Competition and competition policy : Implications of Hong Kong's reversion to China

Leonard K. CHENG*, Changqi WU

*Corresponding author for this work

Research output: Journal PublicationsJournal Article (refereed)peer-review

3 Citations (Scopus)


The paper explores how Hong Kong's new status as China's Special Administrative Region (SAR) may affect the competitiveness of the industries and the relative position of companies owned by non-Hong Kong investors. The conclusion is that mainland Chinese firms will play an increasingly more important role in Hong Kong's economy and British firms will lose their dominance further. This does not, however, indicate a return to unequal competition in favor of firms from the sovereign country, but the beginning of a period of greater competition by all firms in Hong Kong, whether they be local or non-local. There is a risk that governmental and semi-governmental corporations of the SAR and other Chinese governments may use their official and semi-official status to tilt the playing field in their favor, but appropriate competition law can address this concern.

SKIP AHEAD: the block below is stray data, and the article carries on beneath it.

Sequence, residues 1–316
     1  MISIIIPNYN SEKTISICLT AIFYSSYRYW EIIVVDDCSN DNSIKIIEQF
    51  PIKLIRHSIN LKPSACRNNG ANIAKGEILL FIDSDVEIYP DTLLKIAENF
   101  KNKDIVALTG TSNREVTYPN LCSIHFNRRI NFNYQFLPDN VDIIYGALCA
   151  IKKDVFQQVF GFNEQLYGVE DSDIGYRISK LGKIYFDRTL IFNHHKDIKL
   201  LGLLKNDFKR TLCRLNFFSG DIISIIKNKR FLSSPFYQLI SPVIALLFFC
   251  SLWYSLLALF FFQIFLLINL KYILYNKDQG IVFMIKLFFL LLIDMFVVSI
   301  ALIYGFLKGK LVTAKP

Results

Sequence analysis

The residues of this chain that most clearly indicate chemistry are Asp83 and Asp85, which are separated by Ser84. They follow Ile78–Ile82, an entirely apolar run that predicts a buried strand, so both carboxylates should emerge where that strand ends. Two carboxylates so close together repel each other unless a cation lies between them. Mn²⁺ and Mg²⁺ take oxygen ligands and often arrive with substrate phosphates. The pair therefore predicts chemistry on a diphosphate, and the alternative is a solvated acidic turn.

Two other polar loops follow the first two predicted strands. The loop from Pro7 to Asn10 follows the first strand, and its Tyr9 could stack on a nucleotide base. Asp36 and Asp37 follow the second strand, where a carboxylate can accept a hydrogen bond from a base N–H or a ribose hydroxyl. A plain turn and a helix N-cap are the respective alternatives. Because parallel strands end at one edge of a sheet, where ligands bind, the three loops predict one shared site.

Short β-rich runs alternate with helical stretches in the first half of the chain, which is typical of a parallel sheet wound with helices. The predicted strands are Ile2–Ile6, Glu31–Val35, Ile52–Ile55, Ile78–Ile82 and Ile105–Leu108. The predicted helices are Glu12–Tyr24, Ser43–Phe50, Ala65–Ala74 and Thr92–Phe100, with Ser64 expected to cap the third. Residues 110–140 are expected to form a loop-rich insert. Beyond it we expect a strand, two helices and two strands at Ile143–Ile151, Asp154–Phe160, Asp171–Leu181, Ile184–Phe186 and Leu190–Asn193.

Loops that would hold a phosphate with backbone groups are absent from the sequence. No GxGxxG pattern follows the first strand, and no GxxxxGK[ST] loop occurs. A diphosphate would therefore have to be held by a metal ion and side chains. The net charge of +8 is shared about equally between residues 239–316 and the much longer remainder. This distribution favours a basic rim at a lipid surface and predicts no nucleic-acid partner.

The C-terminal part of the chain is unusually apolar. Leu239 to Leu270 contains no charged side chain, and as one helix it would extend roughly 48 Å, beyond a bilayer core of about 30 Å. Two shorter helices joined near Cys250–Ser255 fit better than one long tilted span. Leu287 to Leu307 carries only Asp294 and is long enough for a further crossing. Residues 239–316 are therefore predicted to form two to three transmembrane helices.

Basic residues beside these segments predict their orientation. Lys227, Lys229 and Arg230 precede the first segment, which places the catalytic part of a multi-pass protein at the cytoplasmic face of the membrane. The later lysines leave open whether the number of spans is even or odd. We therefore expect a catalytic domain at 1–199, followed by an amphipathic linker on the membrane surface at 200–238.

Original languageEnglish
Pages (from-to)279-289
Number of pages11
JournalPacific Economic Review
Issue number2
Publication statusPublished - 20 Jul 2000
Externally publishedYes


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